All the films from all the editions, including those subsequently removed, presently totalling 1167. An easy way of seeing how…
The Life and Death of Colonel Blimp
Considered by many to be the finest British film ever made, The Life and Death of Colonel Blimp, by Michael Powell and Emeric Pressburger, is a stirring masterpiece like no other. Roger Livesey dynamically embodies outmoded English militarism as the indelible General Clive Candy, who barely survives four decades of tumultuous British history, 1902 to 1942, only to see the world change irrevocably before his eyes. Anton Walbrook and Deborah Kerr provide unforgettable support, he as a German enemy turned lifelong friend of Candy’s and she as young women of three consecutive generations—a socially committed governess, a sweet-souled war nurse, and a modern-thinking army driver—who inspire him. Colonel Blimp is both moving and slyly satirical, an incomparable film about war, love, aging, and obsolescence, shot in gorgeous Technicolor.
Film #10 of Project 40
”War starts at midnight!”
Few films can catch the spirit of time as good as this 1943 visually riveting and thematically intricate piece of cinema. Michael Powell and Emeric Pressburger portray the passing of time and the changes it brings to the moral values of society and individuals so finely and with such skill that the whole film looks like a reflection of life at its simplest form, with lost loves, regrets, friendships, adventures and misfortunes. The film looks back at Clive Candy’s life and shows his journey through time, how he has lived his life and most importantly how he has failed to catch up with the passing of time. The Life and Death…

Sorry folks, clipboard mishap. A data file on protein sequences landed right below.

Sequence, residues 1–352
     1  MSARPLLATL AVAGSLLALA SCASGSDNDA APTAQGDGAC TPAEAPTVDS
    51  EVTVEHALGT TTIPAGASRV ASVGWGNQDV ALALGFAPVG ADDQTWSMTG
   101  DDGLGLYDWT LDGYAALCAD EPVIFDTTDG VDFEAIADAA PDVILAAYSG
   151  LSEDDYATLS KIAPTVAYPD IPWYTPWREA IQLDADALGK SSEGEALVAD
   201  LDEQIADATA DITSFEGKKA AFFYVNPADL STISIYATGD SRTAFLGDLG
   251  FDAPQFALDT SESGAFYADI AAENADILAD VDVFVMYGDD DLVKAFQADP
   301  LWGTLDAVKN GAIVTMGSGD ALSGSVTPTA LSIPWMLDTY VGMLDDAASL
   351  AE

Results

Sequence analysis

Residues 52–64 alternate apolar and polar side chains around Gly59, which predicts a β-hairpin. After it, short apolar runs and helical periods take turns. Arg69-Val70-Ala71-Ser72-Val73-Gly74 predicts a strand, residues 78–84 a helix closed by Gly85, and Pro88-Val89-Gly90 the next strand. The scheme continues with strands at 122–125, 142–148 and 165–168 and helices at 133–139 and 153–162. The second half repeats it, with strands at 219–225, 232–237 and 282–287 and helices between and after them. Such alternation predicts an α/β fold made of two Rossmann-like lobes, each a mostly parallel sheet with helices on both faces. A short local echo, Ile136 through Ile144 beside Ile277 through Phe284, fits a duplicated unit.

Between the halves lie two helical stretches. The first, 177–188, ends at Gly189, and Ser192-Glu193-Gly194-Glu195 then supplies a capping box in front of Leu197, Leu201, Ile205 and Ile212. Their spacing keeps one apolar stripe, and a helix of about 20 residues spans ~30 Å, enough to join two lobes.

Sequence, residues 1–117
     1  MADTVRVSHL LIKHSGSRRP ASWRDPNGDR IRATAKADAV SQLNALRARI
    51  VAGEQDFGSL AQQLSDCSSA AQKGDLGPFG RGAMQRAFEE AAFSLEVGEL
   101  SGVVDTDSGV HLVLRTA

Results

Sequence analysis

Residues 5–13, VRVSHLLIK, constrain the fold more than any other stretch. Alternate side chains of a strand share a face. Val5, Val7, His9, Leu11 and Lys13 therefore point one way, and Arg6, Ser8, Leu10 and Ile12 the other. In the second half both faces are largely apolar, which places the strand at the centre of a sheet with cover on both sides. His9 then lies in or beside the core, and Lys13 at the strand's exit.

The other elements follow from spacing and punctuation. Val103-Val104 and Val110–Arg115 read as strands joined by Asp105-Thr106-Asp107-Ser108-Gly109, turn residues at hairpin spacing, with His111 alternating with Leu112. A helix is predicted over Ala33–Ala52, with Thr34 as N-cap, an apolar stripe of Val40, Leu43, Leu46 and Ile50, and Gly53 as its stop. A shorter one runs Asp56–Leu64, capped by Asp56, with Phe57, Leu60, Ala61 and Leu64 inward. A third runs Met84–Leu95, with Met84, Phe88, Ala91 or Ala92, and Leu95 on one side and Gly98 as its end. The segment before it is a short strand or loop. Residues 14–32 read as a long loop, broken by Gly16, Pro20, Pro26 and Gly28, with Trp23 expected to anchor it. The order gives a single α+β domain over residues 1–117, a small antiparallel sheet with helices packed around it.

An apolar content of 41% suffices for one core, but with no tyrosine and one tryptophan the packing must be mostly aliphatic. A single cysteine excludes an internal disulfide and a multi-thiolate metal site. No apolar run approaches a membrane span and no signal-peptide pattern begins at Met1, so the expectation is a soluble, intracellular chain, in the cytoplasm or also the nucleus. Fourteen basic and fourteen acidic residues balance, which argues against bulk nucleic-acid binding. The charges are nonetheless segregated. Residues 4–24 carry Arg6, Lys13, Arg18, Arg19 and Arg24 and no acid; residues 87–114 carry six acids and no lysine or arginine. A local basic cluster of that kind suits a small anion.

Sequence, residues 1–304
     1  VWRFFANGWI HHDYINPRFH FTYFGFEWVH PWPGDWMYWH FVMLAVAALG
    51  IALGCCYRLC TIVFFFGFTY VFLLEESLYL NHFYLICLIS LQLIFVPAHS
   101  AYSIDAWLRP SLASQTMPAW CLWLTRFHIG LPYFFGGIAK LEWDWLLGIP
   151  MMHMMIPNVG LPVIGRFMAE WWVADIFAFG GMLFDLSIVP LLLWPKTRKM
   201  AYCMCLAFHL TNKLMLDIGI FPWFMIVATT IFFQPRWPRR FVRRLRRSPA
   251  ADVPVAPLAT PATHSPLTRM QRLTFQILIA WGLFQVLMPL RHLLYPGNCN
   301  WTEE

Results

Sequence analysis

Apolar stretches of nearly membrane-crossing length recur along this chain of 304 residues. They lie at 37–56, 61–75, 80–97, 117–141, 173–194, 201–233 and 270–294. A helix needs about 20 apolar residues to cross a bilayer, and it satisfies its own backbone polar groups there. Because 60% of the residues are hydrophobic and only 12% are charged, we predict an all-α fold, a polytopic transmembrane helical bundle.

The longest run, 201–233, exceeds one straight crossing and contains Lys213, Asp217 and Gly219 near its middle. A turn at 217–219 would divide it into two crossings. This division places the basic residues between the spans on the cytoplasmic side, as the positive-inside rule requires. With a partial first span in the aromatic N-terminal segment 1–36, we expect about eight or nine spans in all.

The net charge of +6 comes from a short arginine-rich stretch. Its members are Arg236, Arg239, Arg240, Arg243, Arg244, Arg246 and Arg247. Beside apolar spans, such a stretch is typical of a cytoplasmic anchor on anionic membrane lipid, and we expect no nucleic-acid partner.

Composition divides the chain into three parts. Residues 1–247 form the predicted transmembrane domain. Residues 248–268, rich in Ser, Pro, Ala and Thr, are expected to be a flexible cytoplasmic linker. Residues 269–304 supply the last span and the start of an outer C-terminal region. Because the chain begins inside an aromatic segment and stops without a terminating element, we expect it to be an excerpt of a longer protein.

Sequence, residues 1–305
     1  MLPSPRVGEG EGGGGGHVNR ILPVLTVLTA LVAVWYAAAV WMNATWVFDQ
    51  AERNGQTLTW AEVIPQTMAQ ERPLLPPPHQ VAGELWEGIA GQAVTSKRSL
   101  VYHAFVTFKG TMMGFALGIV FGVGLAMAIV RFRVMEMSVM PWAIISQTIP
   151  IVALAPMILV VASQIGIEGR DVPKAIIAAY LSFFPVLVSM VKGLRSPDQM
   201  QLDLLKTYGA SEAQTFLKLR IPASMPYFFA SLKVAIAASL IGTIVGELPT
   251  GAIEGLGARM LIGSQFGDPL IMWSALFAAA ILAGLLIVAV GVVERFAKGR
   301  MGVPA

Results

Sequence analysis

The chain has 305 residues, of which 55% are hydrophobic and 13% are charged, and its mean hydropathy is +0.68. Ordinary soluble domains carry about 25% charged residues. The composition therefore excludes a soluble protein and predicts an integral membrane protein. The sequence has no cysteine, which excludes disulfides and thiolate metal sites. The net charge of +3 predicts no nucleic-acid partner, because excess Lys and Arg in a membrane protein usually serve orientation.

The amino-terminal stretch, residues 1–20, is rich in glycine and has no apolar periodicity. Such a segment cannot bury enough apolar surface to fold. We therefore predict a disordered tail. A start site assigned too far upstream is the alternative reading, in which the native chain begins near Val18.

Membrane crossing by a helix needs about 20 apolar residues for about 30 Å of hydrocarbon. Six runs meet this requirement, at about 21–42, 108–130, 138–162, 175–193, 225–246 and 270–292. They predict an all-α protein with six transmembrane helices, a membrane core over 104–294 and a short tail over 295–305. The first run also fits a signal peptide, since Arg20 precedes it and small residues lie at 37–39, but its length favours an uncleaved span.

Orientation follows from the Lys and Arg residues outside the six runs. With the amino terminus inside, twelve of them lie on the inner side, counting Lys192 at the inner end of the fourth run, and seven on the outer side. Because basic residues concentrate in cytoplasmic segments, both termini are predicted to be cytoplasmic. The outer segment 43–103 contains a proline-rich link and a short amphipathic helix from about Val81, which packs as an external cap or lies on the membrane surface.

Since I joined Letterboxd, I've only had reason to hit the 5 star button for a viewing of a film during my lifetime here on six occasions, and three of those were for films I'd seen before. Out of all them, I probably hit it for The Life And Death Of Colonel Blimp twice as quick as for any of the rest of them. What a wonderful, wonderful film.
I did a little bit of reading up about it beforehand as I really did not know anything about it all and I have to say that I was a little bit daunted by it before I started. Not because of its…
A film made right in the middle of the Second World War with a friendly, sympathetic German and the symbolic positioning of an out of touch Colonel representing the beginning of the end of an Empire. No wonder the forces that be were none too pleased with Powell and Pressburger.
On face value it may be easier to dismiss this ridiculous looking figure at the start, a blustering old man with his round cartoonish features, whose values seen out of touch. “War starts at midnight!” he bellows at the impetuous young sergeant. Then we are forced to take a step back, asked to see this man through the years, look beyond the crimson face, ridiculous moustache and stiff upper lip.…
Director: Michael Powell (and Emeric Pressburger) (First Film)